"We didn't think we could be stopped," Sumner said. "We were eager to get out there against (Huey-Woods). Some teams might be a little hesitant when a guy shoved it against you the last time out, but we jumped on him early and kept it there."
In the top of the fifth Wintle singled, Winter walked and Armstrong laid down a perfect surprise bunt along the third base side to load the bags for Tomo Horie who plopped a high fly ball in between the Westview center fielder and right fielder, both of whom thought the other was going to take the can of corn, to extend Sunset's lead to 4-0.
That brought Lovings to the dish, with the bags still juiced, and a chance to launch the game into insurmountable territory in his hands. Knowing Huey-Woods wouldn't throw him a curveball after driving in the game's first run off such an offering, Lovings was looking for a dead-red fastball and got it right over the heart of the plate. Lovings squared up the Huey-Woods pitch and hit it on the screws to the gap in right-center. The ball rolled to the 475-foot mark in center, which was plenty of time for all three Apollos to score and send Lovings into third with a bases clearing, three-run triple to go up 7-0.
"That was my first league triple, showing the wheels off a little bit," Lovings said with a smile. "We wanted to come out swinging and throw that first punch."
Horie tacked on a two-run triple in the sixth and Sumner added a two-run double in the seventh. Antich's two-run single in the sixth put Westview on the scoreboard.
All over the field, there was a feeling of confidence permeating from player-to-player. The Apollos played with great aggressive assertiveness, knowing the next hit, the next web gem, the next strike was there for their taking.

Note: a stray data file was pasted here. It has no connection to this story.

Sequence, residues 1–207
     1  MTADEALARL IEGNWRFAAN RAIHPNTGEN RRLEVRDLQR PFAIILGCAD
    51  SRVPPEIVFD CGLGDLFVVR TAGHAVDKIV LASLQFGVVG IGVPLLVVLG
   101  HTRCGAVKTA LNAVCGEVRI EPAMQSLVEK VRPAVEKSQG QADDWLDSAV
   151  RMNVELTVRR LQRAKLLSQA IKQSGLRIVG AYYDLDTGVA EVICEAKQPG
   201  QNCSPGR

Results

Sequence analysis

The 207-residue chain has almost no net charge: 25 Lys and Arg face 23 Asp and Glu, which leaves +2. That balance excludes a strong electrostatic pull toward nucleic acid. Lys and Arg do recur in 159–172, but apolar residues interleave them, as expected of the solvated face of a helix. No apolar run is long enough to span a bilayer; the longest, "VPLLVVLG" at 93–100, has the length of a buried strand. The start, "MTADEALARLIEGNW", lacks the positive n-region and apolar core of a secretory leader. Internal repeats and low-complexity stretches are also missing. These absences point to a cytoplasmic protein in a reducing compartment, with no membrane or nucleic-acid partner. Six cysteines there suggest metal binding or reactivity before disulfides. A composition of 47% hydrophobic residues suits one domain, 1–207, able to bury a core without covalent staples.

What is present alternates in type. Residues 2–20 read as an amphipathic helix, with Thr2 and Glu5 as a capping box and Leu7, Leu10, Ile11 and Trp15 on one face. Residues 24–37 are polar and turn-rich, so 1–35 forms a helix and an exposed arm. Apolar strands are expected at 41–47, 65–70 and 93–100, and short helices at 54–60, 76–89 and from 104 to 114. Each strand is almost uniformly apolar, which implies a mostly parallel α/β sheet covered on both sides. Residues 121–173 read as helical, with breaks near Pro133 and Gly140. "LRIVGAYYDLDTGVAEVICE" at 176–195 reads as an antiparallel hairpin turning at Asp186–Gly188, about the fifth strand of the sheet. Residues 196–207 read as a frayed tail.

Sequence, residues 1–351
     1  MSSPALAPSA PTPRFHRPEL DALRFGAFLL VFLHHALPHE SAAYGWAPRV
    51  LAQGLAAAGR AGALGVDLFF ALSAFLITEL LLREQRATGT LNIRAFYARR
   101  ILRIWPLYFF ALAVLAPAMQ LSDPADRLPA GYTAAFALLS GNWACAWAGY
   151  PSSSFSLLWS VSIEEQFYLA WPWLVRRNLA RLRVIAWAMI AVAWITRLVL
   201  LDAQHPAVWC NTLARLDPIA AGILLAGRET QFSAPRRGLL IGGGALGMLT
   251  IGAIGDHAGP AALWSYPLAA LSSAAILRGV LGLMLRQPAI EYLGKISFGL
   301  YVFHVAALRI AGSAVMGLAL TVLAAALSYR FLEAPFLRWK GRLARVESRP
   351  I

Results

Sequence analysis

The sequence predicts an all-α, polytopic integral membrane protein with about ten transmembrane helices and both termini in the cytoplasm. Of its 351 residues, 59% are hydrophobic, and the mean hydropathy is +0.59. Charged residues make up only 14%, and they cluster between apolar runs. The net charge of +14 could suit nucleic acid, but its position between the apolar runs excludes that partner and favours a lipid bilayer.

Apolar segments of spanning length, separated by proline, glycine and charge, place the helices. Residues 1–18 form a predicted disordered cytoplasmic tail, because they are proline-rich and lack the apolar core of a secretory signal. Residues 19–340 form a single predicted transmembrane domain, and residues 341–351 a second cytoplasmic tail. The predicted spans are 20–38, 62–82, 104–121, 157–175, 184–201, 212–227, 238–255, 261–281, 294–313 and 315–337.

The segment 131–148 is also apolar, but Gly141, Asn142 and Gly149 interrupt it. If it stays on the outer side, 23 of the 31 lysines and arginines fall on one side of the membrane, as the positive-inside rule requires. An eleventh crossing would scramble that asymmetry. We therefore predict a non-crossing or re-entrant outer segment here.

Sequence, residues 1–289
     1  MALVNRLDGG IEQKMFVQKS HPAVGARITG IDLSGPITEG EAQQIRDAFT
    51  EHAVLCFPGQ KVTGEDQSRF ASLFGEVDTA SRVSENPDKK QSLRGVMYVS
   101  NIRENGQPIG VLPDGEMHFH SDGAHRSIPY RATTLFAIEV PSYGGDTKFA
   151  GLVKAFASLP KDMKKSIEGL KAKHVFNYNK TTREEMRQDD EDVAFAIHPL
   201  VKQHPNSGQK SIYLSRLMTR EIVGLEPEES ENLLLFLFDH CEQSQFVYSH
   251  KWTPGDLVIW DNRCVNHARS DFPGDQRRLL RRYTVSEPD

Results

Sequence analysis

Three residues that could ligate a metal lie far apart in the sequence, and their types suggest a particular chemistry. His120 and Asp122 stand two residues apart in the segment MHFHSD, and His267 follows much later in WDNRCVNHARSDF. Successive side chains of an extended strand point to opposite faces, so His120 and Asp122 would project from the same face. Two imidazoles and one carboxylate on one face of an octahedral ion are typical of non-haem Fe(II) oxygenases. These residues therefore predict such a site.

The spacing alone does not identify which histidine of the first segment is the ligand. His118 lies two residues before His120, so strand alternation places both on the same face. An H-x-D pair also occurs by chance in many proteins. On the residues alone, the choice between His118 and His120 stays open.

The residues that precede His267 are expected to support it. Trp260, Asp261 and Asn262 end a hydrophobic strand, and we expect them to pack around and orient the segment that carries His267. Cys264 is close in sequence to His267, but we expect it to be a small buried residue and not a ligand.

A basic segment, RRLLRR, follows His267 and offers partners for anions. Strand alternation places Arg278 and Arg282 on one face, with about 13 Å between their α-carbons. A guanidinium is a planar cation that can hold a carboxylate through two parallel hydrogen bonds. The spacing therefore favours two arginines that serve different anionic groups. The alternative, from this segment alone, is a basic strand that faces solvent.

"(Assistant coach Jeff) Smith told us to show up to the ballpark thinking we were better than the other team, to know you're the better team and then play like that," Lovings said. "That's what got us through this tournament. We started believing we're better than the other team."
This win was vital for Sunset considering the current circumstances and history. The Apollos hadn't beaten both Jesuit and Westview in the same season since 2014. Yet, Sunset took down both flagship programs in one day, setting the stage for what could be a huge step forward come next spring. The shift from underdog to contender, Sumner and Lovings said, has taken place because of Sunset's coherence on and off the field.
After the Jesuit game, for example, the Apollos' entire lineup went out to eat before coming back to the park for the title tilt — an outing Sumer said Sunset has never done in the past. Away from the game, whether it's playing other sports or hanging out at school, Sumner noted the whole squad is close-knit, so applying that important chemistry to the '18 spring shouldn't be a tall task.
"This is the best baseball team I've ever played with," Sumner said. "Chemistry-wise I've never felt more connected to a team. We all have each other's back every time. If you're in a bad mood, somebody's gonna pick you up right away. It's a lot of fun to play with these guys."
"Before there were a lot of cliques, a lot of seniority, but we don't have that here," Lovings added. "We're all together and play as one team."